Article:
When I first bought my tyres, I pumped them up to their max PSI, for max speed, but the bike was horrible to ride. The roads of Manchester are so badly maintained that they’re actually rougher than most trails, so I run the tyres at a comfortable 35 PSI in order to stop my teeth falling out.
My front light is a bit of a Frankenstein’s monster, held onto the stem by two different light clamps slotted into each other. Due to the angle of the stem, the light points up in the air if it’s on top, so it’s underslung. I haven’t ridden it in the dark since I attached it, so I’m not sure if it works very well.
After recovering my bike, my front tyre is so full of air that I can’t get the tyre to compress with my hand, and my light is now pointing to the heavens! I guess either the police or the good Samaritan were trying to fix perceived damage. It does pose the possibility that the rear puncture was actually caused after the theft, when someone tried to over-inflate the tyre.
So, all in all, I don’t really know much more, other than that it fell on its right-hand side when they let go of it, and someone tried to fix the bike afterwards. The tyre issue is weird, and I’ll never really know what happened there.
It’s a shame that i might never get to thank the person who chased off the thieves, but I hope he gets good karma from it, or something. I can’t imagine ever giving chase to two people who’re obviously armed with at least one chunky length of heavy steel, and I’m not sure I’d want anyone to do it for me, either. It’s nice that I got my bike back, but this could easily have ended with the guy being sent to hospital, or worse.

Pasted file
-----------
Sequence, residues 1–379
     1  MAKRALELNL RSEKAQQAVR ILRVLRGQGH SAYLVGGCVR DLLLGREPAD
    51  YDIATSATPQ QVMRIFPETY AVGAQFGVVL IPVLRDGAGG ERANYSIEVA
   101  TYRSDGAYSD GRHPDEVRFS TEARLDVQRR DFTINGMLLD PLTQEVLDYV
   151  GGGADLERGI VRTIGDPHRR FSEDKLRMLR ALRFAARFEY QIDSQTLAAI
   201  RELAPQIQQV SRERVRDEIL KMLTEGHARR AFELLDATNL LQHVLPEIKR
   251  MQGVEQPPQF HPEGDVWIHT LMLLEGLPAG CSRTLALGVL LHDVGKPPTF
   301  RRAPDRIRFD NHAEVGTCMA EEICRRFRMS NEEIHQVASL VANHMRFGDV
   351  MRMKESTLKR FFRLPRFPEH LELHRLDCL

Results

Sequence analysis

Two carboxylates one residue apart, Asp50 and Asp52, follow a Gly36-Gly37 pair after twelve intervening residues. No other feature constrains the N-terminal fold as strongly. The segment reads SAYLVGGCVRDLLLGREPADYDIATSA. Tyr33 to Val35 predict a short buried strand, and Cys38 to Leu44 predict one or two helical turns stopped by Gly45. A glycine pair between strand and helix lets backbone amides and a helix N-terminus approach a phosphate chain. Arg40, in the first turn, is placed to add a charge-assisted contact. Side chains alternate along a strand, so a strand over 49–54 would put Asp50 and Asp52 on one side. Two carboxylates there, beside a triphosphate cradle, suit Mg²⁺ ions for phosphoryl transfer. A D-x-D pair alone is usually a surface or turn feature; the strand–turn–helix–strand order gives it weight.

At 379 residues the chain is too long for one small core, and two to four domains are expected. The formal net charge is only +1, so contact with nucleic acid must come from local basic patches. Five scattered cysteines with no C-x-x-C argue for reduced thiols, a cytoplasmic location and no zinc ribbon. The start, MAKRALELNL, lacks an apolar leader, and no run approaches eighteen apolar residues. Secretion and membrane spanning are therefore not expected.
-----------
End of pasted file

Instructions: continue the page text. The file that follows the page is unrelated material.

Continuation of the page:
What’s to be learned?
The most important thing I’ve learned is that my old lock was shit. I was convinced that a cable lock was better than a d-lock, because most people use d-locks, and the crims can’t carry tools for everything, so they probably only carry tools for breaking d-locks, right?. That may or may not be true (probably untrue – they’d carry the easiest to conceal tool, and then look out for compatible bike locks), but I’d failed to spot an obvious flaw in the lock that I was using – it was a thick Kryptonite cable, taken from my d-lock, but it was held together with a padlock. The padlock was a decent brand, but it wasn’t designed to be bolt cutter proof. In retrospect, it was rather ridiculous.
I’ve now brought the old d-lock out of retirement. By god it’s heavy, and it doesn’t fit anywhere on my frame, but I’d rather carry that around than risk losing my bike again.
Another thing I’ve learned is that I’ve made my bike stand out maybe a little bit too much, as I don’t think anyone would’ve given it a second glance when it was all standard and knackered-looking. I’m not sure if that’s good or bad.. like I said in the previous post; I’m glad it’s not just a run-of-the-mill standard bike, so I’m not downgrading my bike just to deter a few thieves!
I’ve learned that I need to make a note of the frame number, and possibly get the bike post coded, if they still do that. Now that I have a home of my own, there’s no good reason not to.
Finally, I’ve learned that it’s always worth reporting thefts to the Police. I already knew it was worth doing, but it’s nice to have a bit more validation. Once, I even reported lost car keys, which it turned out had already been handed in to them by the person that found them. Those are the only things I’ve ever had recovered, though.. I’m still down by two bikes and a digital camera. 😛